Diet or Regular?

My colleagues and I had the Coke-Diet Coke-Coke Zero debate last week.  We all agreed that Diet Coke tasted nothing like regular Coke, while the taste of Coke Zero does resemble its predecessor.  Except for our calorie-counter friend, all of us preferred Coke to the alternative versions.  If you were to pour them into three separate unmarked containers, most people would probably be able to taste the difference.

Have you ever taken a sip of Coke, but it was actually Diet Coke?  Didn’t you feel betrayed?  It is definitely a weird feeling when we expect to drink one beverage, and we get something totally different.  For instance, back in the days when I went to McDonald’s frequently, they would sometimes give me Coke instead of Dr. Pepper.  When you expect Dr. Pepper and get Coke, your taste buds go for a crazy ride.  In reality, all of the caramel colored, high fructose corn syrup, carbonated water beverages look the same, but their tastes are very different.

A few days ago, I was at Starbucks enjoying a Grande Pike Place Roast and reading a book.  With about a quarter of my coffee remaining, I became enthralled in my book, and I went for about 15 minutes without taking a sip.  As I turned a page to the next chapter, I reached over, picked up my cup, and took a sip of 75-degree coffee.  Despite popular opinion, coffee is not to be consumed at room temperature.  What was once a delicious cup of hot coffee had cooled to become gag-inducing.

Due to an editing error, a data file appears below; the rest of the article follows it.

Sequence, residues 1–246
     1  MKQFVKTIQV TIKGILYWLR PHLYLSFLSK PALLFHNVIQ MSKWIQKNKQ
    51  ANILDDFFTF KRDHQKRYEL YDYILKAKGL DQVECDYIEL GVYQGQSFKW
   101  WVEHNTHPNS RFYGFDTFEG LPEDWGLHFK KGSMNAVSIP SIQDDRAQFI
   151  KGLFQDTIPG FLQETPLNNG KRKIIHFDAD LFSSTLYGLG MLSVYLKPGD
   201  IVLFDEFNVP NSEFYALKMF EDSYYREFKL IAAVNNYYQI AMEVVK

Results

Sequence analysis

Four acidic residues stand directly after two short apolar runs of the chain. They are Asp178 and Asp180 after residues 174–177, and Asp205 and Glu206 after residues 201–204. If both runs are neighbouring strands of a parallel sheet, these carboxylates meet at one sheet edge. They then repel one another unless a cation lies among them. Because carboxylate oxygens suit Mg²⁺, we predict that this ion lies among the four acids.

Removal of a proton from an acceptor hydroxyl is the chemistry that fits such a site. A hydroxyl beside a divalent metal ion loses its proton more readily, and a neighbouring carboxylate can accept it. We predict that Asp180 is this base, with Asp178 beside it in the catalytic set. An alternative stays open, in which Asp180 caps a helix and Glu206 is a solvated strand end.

I think a lot about what real faith feels like, because it is the cornerstone for spiritual growth.  God calls us to be authentic with Him – to go into His presence as we are and lay everything at his feet.  It takes courage, humility, and trust to be able to do this.  It takes a genuine faith in a living God.

We often think about what we need to do to be “good” Christians.  How will our actions display our faith?  While a genuine faith will act itself out, it goes a lot deeper than the surface – what it appears to be.  A high percentage of people in your life may appear to have everything together.  Work is great.  Got the promotion.  The kids are doing well in school.  Got a good interest rate on a mortgage.  As it may turn out, there are unmentioned struggles.  Fights.  Arguments.  Doubt.  Fear.  We act as if everything is great, but we are broken.

We were once hot, and then something happened.  We became stagnate.  Our faith was challenged.  We were neglected.  Now we are a cold cup of coffee.  It looks the same.  Less steam.  Bad taste.

We act like we are in top form.  Everything is great.  No problems here, but what is within cries out for help.  We muffle it, and put a seal on it that it is Coca-Cola Classic, but you know it’s Diet.

What will it take for transparency to be socially acceptable in life?  When can we stop playing the game that everything is fine and openly confess our fears, doubts, and struggles that haunt us?

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